Xinyi Chen

Hi, I'm Xinyi Chen, a graduate student and a Future Investigator in NASA Earth and Space Science and Technology (FINESST) in the physics department at Yale University, working with Prof. Nikhil Padmanabhan on large-scale structure cosmology. My work aims to make the best use of the ongoing and upcoming large galaxy surveys to constrain cosmology and understand the nature of dark energy and inflation, currently with a two-pronged and intertwined approach using computational, statistical, machine learning, and theoretical tools. I work on the development and applications of high-fidelity initial condition reconstruction algorithms and explore optimal summary statistics that can better and more efficiently extract cosmological information from the data. And I use reconstruction products and optimal statistics to constrain primordial non-Gaussianity. I am also a member of DESI and work on BAO analysis pipelines. I went to University of Michigan for undergrad, where I worked with Prof. August (Gus) Evrard on cluster cosmology and was part of the DES Collaboration. I also worked with Prof. Sally Oey on massive star formation. I grew up in the beautiful historical and cultural city of Hangzhou, China.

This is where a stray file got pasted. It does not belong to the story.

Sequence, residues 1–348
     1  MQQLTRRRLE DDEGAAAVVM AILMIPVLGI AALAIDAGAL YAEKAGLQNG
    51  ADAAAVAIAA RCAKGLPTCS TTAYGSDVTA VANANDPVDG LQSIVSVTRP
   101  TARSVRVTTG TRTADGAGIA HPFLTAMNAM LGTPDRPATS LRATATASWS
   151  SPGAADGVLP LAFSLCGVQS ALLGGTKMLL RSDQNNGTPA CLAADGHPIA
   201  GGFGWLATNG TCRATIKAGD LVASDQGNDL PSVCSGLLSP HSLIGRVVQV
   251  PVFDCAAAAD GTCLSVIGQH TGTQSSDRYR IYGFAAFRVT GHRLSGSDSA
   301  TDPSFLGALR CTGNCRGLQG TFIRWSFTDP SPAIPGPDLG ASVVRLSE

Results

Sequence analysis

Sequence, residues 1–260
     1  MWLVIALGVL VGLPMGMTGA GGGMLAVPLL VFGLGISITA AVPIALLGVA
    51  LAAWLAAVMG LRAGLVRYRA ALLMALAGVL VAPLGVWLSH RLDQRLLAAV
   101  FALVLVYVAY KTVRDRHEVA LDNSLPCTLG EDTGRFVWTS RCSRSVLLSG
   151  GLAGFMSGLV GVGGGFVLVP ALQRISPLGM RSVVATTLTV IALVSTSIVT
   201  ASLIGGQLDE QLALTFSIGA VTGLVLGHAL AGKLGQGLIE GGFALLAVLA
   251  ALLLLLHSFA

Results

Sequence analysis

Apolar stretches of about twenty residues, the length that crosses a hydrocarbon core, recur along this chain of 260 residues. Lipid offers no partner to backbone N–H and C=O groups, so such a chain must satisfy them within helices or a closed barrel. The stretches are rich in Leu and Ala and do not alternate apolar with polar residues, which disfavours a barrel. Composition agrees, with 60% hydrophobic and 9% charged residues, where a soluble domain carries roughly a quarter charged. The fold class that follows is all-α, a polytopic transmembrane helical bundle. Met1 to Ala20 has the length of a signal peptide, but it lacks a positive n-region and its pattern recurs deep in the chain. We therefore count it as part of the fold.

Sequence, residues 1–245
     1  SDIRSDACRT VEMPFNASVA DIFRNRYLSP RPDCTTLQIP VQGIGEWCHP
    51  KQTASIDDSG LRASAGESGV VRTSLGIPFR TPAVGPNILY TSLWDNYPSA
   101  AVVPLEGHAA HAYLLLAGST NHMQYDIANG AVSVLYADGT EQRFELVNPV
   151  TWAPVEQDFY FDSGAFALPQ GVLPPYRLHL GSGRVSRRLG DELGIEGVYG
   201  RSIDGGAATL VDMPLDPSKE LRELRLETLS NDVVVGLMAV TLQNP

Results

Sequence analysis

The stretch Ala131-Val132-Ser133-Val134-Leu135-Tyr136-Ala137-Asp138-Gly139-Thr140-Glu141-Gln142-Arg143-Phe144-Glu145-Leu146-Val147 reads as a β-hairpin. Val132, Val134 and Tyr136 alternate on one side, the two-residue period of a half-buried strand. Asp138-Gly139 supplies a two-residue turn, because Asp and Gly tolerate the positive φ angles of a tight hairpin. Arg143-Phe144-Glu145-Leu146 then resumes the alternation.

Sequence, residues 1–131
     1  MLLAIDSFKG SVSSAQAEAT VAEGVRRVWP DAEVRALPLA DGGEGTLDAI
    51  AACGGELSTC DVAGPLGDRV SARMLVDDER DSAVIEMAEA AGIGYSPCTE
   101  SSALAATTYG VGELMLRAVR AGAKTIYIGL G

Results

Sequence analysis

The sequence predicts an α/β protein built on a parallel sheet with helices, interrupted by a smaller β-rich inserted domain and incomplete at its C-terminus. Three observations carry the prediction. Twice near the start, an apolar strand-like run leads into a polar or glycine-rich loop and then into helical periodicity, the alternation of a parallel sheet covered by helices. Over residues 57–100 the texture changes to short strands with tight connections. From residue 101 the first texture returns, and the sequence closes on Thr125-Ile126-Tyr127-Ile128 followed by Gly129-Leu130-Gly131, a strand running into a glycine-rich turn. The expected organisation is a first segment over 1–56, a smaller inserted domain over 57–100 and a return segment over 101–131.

Besides large-scale structure cosmology, I am also working on using strong gravitational lensing to study Hubble tension with machine learning, which is another direction towards making the best use of large galaxy surveys. Additionally, I am also a Franke Interdisciplinary Graduate Research fellow at Yale. I investigate the overlap between traditional and modern medicine with machine learning and statistical tools as a side. The study of applying machine learning in medical imaging data benefits astrophysical research for their shared data structure.

I enjoy teaching and science outreach and regularly participate in outreach events. But the greater community increasingly concerns me, so I also spend time in community service.

Outside of research, I write screenplays that explore the human condition. I also like classical music and play the piano.


Department of Physics

219 Prospect St

New Haven, CT 06511